On a blustery Boston afternoon last October, Derrick Bengo wrapped his coat around him as he shook the hands of ASH members Drs. Walter “Sunny” Dzik and Aliyah Sohani. Having come from the equatorial nation of Uganda, Mr. Bengo was unprepared for Boston’s chilly autumn. Mr. Bengo came to Boston for six weeks to study with Drs. Dzik and Sohani at Massachusetts General Hospital (MGH) as part of ASH’s Visitor Training Program (VTP). The program funds opportunities for doctors and scientists in developing countries to train on a specific topic or technique under the mentorship of an ASH member anywhere in the world. When the participants finish their training, they return to their home countries to implement and share the skills they have learned.
Mr. Bengo applied to learn about the interpretation of peripheral blood smears and differentiation of leukemias by histochemical staining of peripheral blood smears. His goal for the training was to gain proficiency in interpretation of peripheral blood smears and the correlation of peripheral blood smear findings with multi-parameter CBC results and, when indicated, with bone marrow findings.
“I first met Sunny in 2007, when the ASH teams from Health Volunteers Overseas came to visit Mulago Hospital,” said Mr. Bengo, referring to the main referral hospital in Kampala, Uganda, where he is a senior laboratory technologist. Dr. Dzik and his colleagues at MGH returned to Uganda in 2010 and encouraged Mr. Bengo to apply for the VTP. Mr. Bengo had high expectations for himself and the program. “My dream is to become a good hematologist for all of these children down here in Uganda, so I have to learn to fly with the eagles. It’s a golden opportunity to have hands-on experience on the hematologic techniques that we just read about and can’t actually perform. With these new skills, I’ll be able to teach laboratory technologists in Uganda, since I’m the main trainer for the laboratory training schools.”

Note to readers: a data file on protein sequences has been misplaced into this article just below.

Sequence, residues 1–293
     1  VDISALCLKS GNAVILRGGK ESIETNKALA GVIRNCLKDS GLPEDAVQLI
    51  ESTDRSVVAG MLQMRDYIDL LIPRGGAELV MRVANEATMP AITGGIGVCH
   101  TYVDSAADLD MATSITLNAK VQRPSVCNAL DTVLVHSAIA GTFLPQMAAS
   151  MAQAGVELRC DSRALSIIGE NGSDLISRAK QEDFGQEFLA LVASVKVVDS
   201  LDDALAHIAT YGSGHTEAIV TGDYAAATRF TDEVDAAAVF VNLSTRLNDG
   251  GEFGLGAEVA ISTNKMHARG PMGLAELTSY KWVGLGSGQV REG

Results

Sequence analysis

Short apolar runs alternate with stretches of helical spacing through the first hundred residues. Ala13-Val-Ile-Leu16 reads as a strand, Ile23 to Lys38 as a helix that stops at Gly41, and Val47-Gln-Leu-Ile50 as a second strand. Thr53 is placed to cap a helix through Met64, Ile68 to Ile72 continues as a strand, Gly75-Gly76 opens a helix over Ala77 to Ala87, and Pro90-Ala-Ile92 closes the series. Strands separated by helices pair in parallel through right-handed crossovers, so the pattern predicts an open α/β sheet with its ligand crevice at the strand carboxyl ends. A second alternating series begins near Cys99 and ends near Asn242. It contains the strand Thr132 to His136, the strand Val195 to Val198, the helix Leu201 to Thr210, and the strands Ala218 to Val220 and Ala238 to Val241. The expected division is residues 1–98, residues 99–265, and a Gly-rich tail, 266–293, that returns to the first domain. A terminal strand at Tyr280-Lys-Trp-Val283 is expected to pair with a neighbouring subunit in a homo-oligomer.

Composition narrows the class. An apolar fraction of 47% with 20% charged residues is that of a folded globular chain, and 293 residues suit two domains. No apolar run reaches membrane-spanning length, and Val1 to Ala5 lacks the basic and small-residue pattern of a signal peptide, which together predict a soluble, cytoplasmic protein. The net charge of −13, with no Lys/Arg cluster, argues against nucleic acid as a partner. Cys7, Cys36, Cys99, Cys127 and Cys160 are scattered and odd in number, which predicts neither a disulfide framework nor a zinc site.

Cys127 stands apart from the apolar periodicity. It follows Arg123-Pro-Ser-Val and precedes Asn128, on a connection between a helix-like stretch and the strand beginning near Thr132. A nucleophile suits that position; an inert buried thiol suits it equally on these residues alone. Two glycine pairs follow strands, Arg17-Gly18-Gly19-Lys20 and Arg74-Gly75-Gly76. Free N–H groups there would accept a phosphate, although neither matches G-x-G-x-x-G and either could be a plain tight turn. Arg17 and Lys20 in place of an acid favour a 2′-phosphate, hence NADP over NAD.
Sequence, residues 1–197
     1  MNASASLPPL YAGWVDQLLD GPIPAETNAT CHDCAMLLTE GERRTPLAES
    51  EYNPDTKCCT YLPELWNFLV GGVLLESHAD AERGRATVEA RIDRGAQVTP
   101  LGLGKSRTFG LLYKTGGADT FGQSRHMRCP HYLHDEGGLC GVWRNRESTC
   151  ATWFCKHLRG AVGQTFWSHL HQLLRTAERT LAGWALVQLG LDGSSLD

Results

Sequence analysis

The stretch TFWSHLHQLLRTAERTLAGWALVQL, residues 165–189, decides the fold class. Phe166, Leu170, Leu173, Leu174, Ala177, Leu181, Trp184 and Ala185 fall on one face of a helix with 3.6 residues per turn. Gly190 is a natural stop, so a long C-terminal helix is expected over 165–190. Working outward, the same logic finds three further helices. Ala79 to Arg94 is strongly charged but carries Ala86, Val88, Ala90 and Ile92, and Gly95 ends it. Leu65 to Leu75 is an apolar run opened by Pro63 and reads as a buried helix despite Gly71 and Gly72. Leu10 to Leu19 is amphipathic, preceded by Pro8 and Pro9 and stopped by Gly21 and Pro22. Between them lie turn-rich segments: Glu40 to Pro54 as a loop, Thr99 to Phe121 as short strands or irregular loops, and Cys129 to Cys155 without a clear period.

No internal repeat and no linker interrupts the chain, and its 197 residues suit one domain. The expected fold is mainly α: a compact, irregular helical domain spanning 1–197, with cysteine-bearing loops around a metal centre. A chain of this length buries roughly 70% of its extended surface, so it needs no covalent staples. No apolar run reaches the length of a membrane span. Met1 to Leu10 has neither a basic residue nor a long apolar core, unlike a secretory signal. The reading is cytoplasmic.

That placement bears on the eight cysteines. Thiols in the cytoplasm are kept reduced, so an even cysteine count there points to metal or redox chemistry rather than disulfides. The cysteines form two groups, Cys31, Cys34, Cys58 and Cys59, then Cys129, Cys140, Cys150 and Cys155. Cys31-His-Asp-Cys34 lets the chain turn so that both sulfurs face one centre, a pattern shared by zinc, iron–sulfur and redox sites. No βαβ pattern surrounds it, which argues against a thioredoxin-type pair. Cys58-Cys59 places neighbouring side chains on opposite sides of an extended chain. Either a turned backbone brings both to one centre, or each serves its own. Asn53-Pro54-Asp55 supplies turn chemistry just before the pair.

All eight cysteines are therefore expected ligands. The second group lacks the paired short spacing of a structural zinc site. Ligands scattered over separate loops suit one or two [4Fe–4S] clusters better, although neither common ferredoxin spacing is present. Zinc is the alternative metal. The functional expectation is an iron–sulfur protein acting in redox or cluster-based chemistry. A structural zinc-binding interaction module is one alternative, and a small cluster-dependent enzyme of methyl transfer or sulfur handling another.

As Mr. Bengo’s host mentor at MGH, Dr. Dzik was responsible for working with Mr. Bengo to prepare the training proposal and budget. After Mr. Bengo was accepted into the program, Dr. Dzik worked with Mr. Bengo to secure housing, airfare, and his visa.
The benefits of the program extend not only to the participant, but also to the hosts who gain valuable insight into facets of hematology they would not have had without the cross-cultural interaction. Dr. Sohani worked with Mr. Bengo each day in the lab and describes their interaction as a learning experience for her just as much as it was for Mr. Bengo:
“Derrick’s morphological skills were incredibly strong; it was eye-opening for the lab techs to see how important such skills are in settings where there is no easy access to flow cytometry or molecular genetic studies. Derrick’s visit to MGH made us appreciate how much we all can learn and benefit from others whose background and set of experiences differ from our own.”
Mr. Bengo left Boston with a renewed sense of dedication to his work at Mulago Hospital. He will continue to report back to Drs. Dzik and Sohani to demonstrate how he is implementing the skills he learned at MGH.
The Visitor Training Program is open to medical professionals in developing countries. ASH also encourages members to volunteer to serve as host mentors. The application and mentor volunteer forms are both available on the ASH website at http://hematology.org/Awards/Visitor-Training-Program/2196.aspx.
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